SEOUL, South Korea — South Korean troops pushed ahead with naval firing drills Monday, a day after North Korea warned the exercises would aggravate tensions between the rivals following the North's deadly shelling of a front-line South Korean island.
Regional powers stepped up diplomatic efforts to head off further conflict, with President Barack Obama speaking to China's Hu Jintao by telephone Monday and top diplomats from the U.S., South Korea and Japan scheduled to hold talks later in Washington.
Obama condemned North Korea's Nov. 23 artillery shelling of Yeonpyeong Island and its pursuit of a uranium enrichment program, and urged Hu to send Pyongyang a message that its "provocations are unacceptable," the White House said.
The attack killed two marines and two civilian construction workers — the first attack on a civilian area since the 1950-53 Korean War.
North Korea said it unleashed the artillery fire after Seoul went ahead with routine live-fire drills despite Pyongyang's warnings to call off the military exercises. The North disputes the maritime border drawn in 1953 by U.N. forces, and considers the waters around Yeonpyeong, which lies just seven miles (11 kilometers) from its shores, its territory.
The shelling occurred just days after reports that North Korea had revealed a large uranium-enrichment facility that would give it a new method of making material for atomic bombs in addition to its known plutonium-based program.
On Monday, the South Korean army launched a new round of artillery exercises set to continue through Sunday, army and Joint Chiefs of Staff officials said.
The previously scheduled drills were to take place at some 30 sites off the coast throughout the week, but there were none Monday along the disputed western sea border, the officials said, speaking on condition of anonymity according to department policy. Warships will join the drills later in the week, the navy said.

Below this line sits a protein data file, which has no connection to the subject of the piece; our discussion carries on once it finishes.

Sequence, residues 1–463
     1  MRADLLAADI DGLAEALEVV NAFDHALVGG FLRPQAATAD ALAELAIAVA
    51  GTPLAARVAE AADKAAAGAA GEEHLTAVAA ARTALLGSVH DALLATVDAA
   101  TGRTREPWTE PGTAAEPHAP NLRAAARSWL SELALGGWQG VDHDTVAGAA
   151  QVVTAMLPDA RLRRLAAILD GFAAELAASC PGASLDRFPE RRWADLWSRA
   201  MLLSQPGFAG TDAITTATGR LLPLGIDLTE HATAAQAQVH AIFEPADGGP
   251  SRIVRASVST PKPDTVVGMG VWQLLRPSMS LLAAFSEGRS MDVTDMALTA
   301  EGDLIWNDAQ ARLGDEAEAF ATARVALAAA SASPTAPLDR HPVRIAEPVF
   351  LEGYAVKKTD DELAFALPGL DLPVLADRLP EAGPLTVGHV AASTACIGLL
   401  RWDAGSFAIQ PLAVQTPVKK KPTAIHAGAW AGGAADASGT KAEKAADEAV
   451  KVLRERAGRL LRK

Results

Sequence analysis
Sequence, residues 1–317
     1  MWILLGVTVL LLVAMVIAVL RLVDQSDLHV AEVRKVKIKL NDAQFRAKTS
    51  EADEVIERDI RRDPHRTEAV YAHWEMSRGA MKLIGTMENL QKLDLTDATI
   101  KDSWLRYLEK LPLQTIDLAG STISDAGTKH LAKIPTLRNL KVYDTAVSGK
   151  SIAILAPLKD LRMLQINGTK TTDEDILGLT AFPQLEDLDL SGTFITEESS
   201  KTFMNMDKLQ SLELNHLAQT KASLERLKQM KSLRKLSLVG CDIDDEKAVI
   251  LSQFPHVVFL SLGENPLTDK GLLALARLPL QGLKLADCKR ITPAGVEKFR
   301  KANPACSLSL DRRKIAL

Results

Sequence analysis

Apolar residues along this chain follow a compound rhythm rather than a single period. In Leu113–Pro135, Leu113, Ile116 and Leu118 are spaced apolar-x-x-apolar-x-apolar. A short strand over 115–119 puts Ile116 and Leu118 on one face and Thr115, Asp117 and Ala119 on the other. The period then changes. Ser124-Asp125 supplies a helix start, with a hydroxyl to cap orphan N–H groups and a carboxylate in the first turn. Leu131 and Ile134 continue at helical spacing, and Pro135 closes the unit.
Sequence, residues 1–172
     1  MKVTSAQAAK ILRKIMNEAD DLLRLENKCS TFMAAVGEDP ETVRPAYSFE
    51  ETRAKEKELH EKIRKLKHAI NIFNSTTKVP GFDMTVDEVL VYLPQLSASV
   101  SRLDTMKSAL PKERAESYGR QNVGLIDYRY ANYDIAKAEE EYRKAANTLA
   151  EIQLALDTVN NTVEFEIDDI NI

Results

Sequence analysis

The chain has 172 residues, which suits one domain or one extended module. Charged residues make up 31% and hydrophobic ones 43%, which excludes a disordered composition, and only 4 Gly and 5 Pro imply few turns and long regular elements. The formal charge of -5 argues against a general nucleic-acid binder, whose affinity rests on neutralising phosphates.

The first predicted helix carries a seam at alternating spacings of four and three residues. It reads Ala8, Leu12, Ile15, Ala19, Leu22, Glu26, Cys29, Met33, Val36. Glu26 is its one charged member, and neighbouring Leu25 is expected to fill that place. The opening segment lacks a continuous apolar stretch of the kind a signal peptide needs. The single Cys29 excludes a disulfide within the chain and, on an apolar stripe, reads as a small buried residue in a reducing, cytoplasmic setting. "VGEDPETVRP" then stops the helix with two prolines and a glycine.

Similar live-fire drills will take place next week as well, officials said.
North Korea warned Sunday that the drills were causing "uncontrollable, extreme" tension on the peninsula.
"The South Korean puppet group, far from drawing a lesson from the deserved punishment it faced for its reckless firing of shells into the territorial waters of the (North Korean) side around Yeonpyeong Island, is getting more frantic in military provocations and war moves," the North's official Korean Central News Agency said. Seoul said its forces fired away from North Korea in last month's drills.
On Monday, President Lee Myung-bak, acting on criticism that troops acted too slowly and too timidly to the North Korean attack, pledged to reform the military.
"The South Korean people believe our military has to change," Lee said at a Monday meeting on military reform, his office said. "What the military needs now is (increased) mental strength."
National security is at a "critical juncture," Kim Kwan-jin, South Korea's new defense minister, told reporters. He said he would focus on boosting the military's morale and discipline. Kim was appointed after the previous defense chief resigned in the wake of the shelling.
South Korean Prime Minister Kim Hwang-sik also announced 30 billion won ($27 million) to help rebuild shattered Yeonpyeong Island. Most of the 1,300 civilians who lived on the island have fled and many are living in a public bathhouse in the port city of Incheon that has been converted into a refugee center.
Elsewhere in Incheon, the bodies of two construction workers killed in the attack were cremated as their relatives screamed and cried.
"I sincerely hope that officials take care of us so that this kind of thing will never happen again to innocent, weak and poor people," said Kang Sung-ae, widow of dead construction worker Kim Chi-baek.
Associated Press Television News cameraman Yong-ho Kim in Incheon contributed to this report.